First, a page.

4. Integration and settlement:
    • Poor living or working conditions, unemployment, assimilation difficulties, challenges to cultural, religious, and gender identities, challenges with obtaining entitlements, changing policies in host countries, racism and exclusion, tension between host population and migrants and refugees, social isolation and possible deportation.

Impact of Migration on Health[edit | edit source]

Health Service for refugees.jpeg

Migration can and does have a significant impact on displaced persons. Significant issues include:

  • Exposure to communicable diseases
  • Declining vaccination rates for communicable diseases and issues such as coverage, reliable records etc.[5]
  • Health vulnerability i.e. the extent to which the individual (in this case, a migrant) can live with the anticipation of, cope with, resist and recover from the impact of disease, in particular pandemics.[6]
    • Socioeconomic status impacts health vulnerability
  • The fear / experience of isolation, insecurity, long journeys[6]

Challenges in Accessing Health Care[edit | edit source]

Because of factors such as a migrant's legal status, language barriers and discrimination, some national health strategies may not make any reference to the health of displaced persons or the accessibility of health care for them. The World Health Organization calls on every country to implement policies that provide health care services to all migrants and displaced persons, irrespective of their legal status.[1]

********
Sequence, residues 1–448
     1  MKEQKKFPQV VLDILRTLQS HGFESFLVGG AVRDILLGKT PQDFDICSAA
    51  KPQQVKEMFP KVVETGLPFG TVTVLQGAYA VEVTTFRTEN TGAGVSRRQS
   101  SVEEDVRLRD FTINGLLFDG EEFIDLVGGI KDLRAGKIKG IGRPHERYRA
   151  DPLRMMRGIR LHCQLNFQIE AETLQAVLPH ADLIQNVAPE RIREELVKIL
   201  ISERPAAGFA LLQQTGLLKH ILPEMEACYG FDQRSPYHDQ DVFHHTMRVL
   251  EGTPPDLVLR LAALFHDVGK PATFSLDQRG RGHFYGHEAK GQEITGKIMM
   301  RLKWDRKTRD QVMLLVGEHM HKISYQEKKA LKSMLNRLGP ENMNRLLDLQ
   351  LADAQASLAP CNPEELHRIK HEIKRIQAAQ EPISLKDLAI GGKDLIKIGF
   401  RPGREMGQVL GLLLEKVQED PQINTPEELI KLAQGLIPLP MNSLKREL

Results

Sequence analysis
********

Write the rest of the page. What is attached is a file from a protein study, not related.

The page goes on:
Major Health Concerns[edit | edit source]


Displaced persons can experience many different health and psychosocial issues:[7]

  • Non-Communicable Diseases (NCD)
    • Also termed chronic diseases. They are collectively responsible for 71% of all deaths worldwide.[8] Almost 75% of all deaths caused by NCD occur in low- and middle-income countries.[9]
    • NCDs also account for 48% of the healthy life years lost worldwide versus 40% for communicable diseases, maternal and perinatal conditions and nutritional deficiencies, and 1% for injuries[10]
      • Cancer: Aside from cervical cancer, displaced persons have a lower risk for all forms of cancer. "However, cancer is more likely to be diagnosed at an advanced stage in persons who are displaced, which can lead to considerably worse health outcomes compared with the host population"[1]
      • Cardiovascular disease
      • Chronic respiratory disease
      • Diabetes: Displaced persons have a higher incidence, prevalence and mortality rate for diabetes than their host population[1]
  • Communicable diseases
  • Mental health
    • Post-traumatic stress disorder (PTSD) appears to be more common among displaced persons than their host population[1]
    • Depression is a common illness worldwide, with more than 264 million people affected. It is commonly reported in displaced persons, particularly in those who have lengthy asylum-seeking processes and who live in poor socioeconomic conditions (e.g. unemployment or isolation).[1]